When did the author first feel the desire to write? How does he feel about self-publishing?
How long did it take you to decide on a title for your book?
The book came from several different ideas. The original battle idea didn't have a title. If a title does not come to me at first, I don't try to force one on the story. I prefer to just call it work in progress 6 or something similar until a real title comes to mind. I don't feel rushed to think of one either. When the right name comes, it will come, and for me that will usually arrive no later than half way through the book. Sometimes I do pick a title and then later change it. If the story changes during the writing and the original title no longer seems to represent what it is really about, then I will have no qualms about changing it.
Were there many other possible titles you had picked out?
Not for Information Cloud. That's the one and only title it had.
The sequel was almost called General Markov, but has since been changed to Central Command.
Again, it was because the original title was originally the core focus of the book, but as that focus shifted during drafting, so too did the title, so that it still reflected the core focus of the book.
What are your thoughts on self-publishing?
Self-publishing has come along at the right time for me. It has provided opportunities to reach out to readers and has opened doors for many people that would never have gone the traditional route through publishing houses. In the past it had its stigmas and many stayed away because of that, but times are changing rapidly now.
Amazon KDP has done a lot to make self-publishing mainstream. Smashwords has also had considerable impact by simplifying the route for authors into multiple distribution channels. Since the Kindle was launched it has opened the market wide and shown the way for other companies to either follow, or revitalise their own efforts with eBook publishing platforms, distribution channels and eReader devices.
Ebooks have made self-publishing financially viable for many authors who could not justify the expense of producing paperback books. Createspace has opened up opportunities for self published authors to produce Print-On-Demand paperbacks also.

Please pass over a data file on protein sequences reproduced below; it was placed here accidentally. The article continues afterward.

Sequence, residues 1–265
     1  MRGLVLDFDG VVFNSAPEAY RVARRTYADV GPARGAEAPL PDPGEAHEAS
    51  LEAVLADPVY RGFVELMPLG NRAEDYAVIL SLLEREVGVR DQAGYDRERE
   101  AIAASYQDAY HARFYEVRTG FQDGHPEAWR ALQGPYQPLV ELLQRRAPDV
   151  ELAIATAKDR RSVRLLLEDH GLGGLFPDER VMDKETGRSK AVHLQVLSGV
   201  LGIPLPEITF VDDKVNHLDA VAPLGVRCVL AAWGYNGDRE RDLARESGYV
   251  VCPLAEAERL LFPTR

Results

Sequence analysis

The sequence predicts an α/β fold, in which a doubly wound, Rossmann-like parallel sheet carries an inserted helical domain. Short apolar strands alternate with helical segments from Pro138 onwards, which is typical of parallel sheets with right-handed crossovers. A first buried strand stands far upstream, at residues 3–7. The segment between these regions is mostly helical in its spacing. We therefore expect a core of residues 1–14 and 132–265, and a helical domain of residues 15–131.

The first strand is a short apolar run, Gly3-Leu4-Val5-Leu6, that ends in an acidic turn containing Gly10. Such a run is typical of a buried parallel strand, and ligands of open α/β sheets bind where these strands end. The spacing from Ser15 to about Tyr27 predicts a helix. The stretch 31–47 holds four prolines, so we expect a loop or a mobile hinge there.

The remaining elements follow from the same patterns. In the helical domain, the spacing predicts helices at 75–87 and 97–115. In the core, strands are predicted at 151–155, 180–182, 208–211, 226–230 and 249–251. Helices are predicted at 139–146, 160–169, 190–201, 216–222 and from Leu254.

Self-publishing is now more possible and realistic than it ever has been. Now the only obstacle between an author and potential readers is their own talent and how willing they are to put in the tremendous amount of hard work required.
When did you first have a desire to write?
I didn't read much fiction until I was around 26 years old. Nobody in my family read much and books were not a great part of my life until then. It wasn't until I met a friend called Neill Rank that I was introduced to great fiction that I could enjoy. He leant me a copy of book 1 in the Wheel of Time series by Robert Jordan. It was a huge book and I didn't think I would get beyond twenty pages, but to my surprise I actually really enjoyed the book. I completed it and went on to read many more books.
It wasn't until years later, around the year 2001 that I started appreciating books like Stephen Donaldson's The Chronicles of Thomas Covenant, and thinking about how the characters were so powerful that they stuck in the mind for years and decades after the book was originally read. Some books actually changed the reader as well as entertaining them. Great books could make people sad, happy and amazed and leave them with memories that stayed with them for years. I began to want to channel some of my creativity into the direction of creating stories that would affect people. Back then my English was really bad and I had no idea what the Craft was, so I had to begin right at the start of learning English again, and learning how to put stories on paper, in their simplest forms. It was the beginning of a long journey that will continue so long as I live.
Do you plan out the entire book before writing it? Or do you just sit down and write?
I find that if I just sit down and write, most of what I write will be thrown away when I think of a better plot line. Every author is different, but for me it makes sense to write a complete plot outline in terms of short summaries of each chapter and scene, before I write any of the scenes. This way I can see the whole plot in summary and I can make repeated corrections to tighten it, give it more impact and think about how to improve the twists and turns. The outline is a work in progress and it will continue to change as I start writing the first draft and think of new ideas, but I'll make sure I keep it up to date as I go along.
I think it is too easy to lose track of the overall picture if you start writing without a plan. You may end up with a great novel when you are finished, but you may take a roundabout route in getting there and waste a lot of time writing chapters that an editor will later point out add nothing to the book. If you have a tight outline then you can always ask yourself, does this sene add any value? Why is it there? Could it be improved or replaced with something else to make the final product more interesting and exciting? It's faster to change an outline than to throw out completed scenes and write new ones.
The interview continues in Continuation of Interview with Peter J. West